Trek through the Annapurna Valley on this “Rocks and Docs” tour combining the geology of the Himalaya with info on high altitude medicine.
Princeton Journeys is proud to partner with Outdoor Action to offer active travelers the chance to explore the majesty of the Himalayas and to learn safely about the challenges inherent in high-altitude activity. Join your fellow Princetonians on this special Nepal trek, May 5-22, 2012, playfully entitled “Rocks and Docs”, as it is led by father-son team Brownie Schoene '68, a world expert in high altitude physiology and medicine, and Blair Schoene, Assistant Professor Geosciences at Princeton.
While no trek in the Himalaya Range can be characterized as easy or moderate, this trek is relatively short, non-technical, and reaches a maximum elevation of only 13,550 feet. Even at this elevation, it offers outstanding high mountain views and is the best opportunity for a novice or intermediate trekker to surround him- or herself with Himalayan peaks and take home the memories.
After acclimatizing and exploring in Kathmandu, fly to Pokhara and make the trek to historic Ghorepani and greet the sun at Poonhill at just over 9,500 feet elevation. Take in the panoramic visit of Mt. Dhalagiri, Annapurna II, and the Himchuli Himals. Descend on a narrow trail through flora-rich forest to Ghandrung and the picturesque Ghandrung village. Wend your way down into the Annapurna Valley and up to Annapurna Base Camp and onward to Machhapuchhre Base Camp. Return to Pokara for flights back to Kahtmandu and homeward.
An optional post-trek extension is offered (5/21-25) to Chitwan National Park, known for its elephant safaris, bird watching, and jungle walks.
PLEASE NOTE: Accommodations will be in hotels and, along the trail, tea houses. All major trekking equipment will be provided, carried, and managed by expert handlers. All participants will be required to provide a medical release from their personal physicians in order to join this Journey. Travelers should expect four to six hours of hiking per day carrying a 10 to 15 pound pack. The trails themselves are moderate but hiking will likely feel more strenuous at these altitudes.
About the Study Leader
Blair Schoene, Assistant Professor of Geosciences at Princeton University, and Robert "Brownie" Schoene '68, M.D. will serve as Study Leaders on this program.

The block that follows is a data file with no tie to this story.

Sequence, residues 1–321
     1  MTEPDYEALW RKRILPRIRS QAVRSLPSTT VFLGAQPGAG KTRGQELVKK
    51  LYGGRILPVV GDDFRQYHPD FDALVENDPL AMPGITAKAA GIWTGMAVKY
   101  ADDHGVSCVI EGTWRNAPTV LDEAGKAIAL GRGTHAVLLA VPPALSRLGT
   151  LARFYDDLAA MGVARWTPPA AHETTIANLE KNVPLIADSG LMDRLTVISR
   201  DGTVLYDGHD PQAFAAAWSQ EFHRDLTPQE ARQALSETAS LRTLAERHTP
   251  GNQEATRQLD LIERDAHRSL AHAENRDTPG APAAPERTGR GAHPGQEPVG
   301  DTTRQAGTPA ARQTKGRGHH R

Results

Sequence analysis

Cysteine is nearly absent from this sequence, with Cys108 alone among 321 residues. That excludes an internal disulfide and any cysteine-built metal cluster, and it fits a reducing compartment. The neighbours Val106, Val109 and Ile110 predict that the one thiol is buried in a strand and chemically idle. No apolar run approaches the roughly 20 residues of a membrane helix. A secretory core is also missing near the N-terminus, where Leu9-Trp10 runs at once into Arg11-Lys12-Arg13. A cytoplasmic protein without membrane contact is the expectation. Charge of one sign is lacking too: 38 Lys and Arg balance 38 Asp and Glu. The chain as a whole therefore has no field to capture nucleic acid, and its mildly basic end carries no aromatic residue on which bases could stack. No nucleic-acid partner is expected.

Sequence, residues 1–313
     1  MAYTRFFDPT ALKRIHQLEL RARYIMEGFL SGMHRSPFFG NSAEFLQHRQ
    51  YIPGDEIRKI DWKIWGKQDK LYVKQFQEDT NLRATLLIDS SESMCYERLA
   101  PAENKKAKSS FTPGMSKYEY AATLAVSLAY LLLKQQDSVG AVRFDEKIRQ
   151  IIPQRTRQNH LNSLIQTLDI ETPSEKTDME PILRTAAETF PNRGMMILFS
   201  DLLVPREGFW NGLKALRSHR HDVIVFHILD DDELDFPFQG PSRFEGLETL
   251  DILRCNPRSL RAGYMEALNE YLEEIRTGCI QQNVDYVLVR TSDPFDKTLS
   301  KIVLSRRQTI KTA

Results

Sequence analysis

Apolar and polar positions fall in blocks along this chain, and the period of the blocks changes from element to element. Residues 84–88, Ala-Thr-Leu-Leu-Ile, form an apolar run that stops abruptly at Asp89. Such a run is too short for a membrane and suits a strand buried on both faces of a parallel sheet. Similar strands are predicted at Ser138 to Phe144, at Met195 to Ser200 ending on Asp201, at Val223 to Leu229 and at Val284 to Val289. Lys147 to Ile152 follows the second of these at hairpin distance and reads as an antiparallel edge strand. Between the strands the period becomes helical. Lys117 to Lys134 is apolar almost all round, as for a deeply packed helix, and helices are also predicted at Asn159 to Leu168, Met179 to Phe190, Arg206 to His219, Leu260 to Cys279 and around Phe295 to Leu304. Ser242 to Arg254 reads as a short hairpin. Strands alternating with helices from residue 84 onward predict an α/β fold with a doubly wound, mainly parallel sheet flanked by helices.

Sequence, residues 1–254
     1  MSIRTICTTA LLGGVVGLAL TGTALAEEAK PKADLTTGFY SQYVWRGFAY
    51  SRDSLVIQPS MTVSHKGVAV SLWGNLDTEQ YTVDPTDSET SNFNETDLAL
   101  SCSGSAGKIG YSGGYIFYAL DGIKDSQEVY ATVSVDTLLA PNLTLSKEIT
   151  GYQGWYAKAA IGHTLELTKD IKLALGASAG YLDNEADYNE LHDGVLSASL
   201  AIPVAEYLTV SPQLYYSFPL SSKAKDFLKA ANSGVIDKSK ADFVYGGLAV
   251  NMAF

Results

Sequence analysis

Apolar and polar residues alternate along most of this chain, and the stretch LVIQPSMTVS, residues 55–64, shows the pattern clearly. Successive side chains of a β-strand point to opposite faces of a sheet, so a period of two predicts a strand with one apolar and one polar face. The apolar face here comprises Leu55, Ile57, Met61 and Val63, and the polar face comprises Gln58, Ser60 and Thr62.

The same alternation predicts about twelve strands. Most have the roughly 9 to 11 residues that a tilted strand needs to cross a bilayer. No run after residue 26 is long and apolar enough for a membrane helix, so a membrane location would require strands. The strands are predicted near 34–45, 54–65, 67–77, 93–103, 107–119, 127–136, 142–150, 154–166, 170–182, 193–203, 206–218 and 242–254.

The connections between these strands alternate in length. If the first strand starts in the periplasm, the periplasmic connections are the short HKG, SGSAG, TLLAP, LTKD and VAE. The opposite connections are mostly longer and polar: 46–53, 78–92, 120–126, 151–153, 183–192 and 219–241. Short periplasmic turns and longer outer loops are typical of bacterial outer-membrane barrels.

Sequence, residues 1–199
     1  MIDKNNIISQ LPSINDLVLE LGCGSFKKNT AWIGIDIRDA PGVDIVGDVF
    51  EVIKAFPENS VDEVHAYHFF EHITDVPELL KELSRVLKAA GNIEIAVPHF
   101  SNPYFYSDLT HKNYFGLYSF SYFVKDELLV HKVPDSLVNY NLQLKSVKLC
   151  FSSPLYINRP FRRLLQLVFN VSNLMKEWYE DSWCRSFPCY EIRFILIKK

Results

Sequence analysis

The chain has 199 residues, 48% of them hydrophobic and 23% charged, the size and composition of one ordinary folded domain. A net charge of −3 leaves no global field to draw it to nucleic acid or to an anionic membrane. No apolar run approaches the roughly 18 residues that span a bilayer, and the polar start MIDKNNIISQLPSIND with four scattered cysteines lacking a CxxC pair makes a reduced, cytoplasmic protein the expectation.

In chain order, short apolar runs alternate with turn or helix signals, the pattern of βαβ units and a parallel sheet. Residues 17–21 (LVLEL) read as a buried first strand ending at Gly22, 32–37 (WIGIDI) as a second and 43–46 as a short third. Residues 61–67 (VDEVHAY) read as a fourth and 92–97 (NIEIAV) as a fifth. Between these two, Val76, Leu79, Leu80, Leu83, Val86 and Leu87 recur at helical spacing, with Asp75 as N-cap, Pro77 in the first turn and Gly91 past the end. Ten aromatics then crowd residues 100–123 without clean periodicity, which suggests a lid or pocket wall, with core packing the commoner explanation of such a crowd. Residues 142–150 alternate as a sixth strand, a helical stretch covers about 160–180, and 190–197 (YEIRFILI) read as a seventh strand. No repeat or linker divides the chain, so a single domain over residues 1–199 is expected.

After his undergraduate years at Princeton, "Brownie" turned his energy from intercollegiate sports to the mountains. While in medical school at Columbia, he learned technical climbing on rock and ice in New England. He continued his medical training in Seattle at the University of Washington in internal Medicine and Pulmonary and Critical Care Medicine while climbing avidly in the nearby mountains. Climbing took him to the Himalaya, and during his research fellowship, he was chosen as a climber-scientist for the 1981 American Research Expedition to Everest. High altitude physiology fit well with his clinical and research interests and throughout his academic careers at the University of Washington and University of California San Diego. He has studied high altitude pulmonary edema on Denali and high altitude natives in the Andes of Chile and Peru. He has co-authored and co-edited two books and written scores of research papers and reviews on high altitude physiology and medicine. Past President of the Wilderness Medical Society, he is presently practicing critical care medicine with his wife, Kim Marquis, in Bozeman, Montana.
On our Journey, Brownie will focus on the physiology of high altitude in wilderness medicine, covering topics such as adaptation, high altitude illnesses, extreme altitude, high altitude natives, exercise and training, hypothermia, and expedition medicine, to name a few. Travel medicine, prevention and treatment of gastro-intestinal illnesses will be covered in the Chitwan portion of the trip.
Blair Schoene has been on the faculty in the Department of Geosciences at Princeton since the fall of 2009. He finished his PhD at the Massachusetts Institute of Technology in 2006, where he was studying plate tectonic and mountain building processes in a 3.6 billion year old Southern African continent. While doing a three-year postdoc in Geneva, Switzerland, he studied mass extinction events in Earth history and their relationship to volcanic events and magmatic processes and spent a lot of time playing in the Alps. On our Journey, Blair will provide the overview of mountain formation and give all trekkers a perspective on the amazing geology that will surround them on the trek.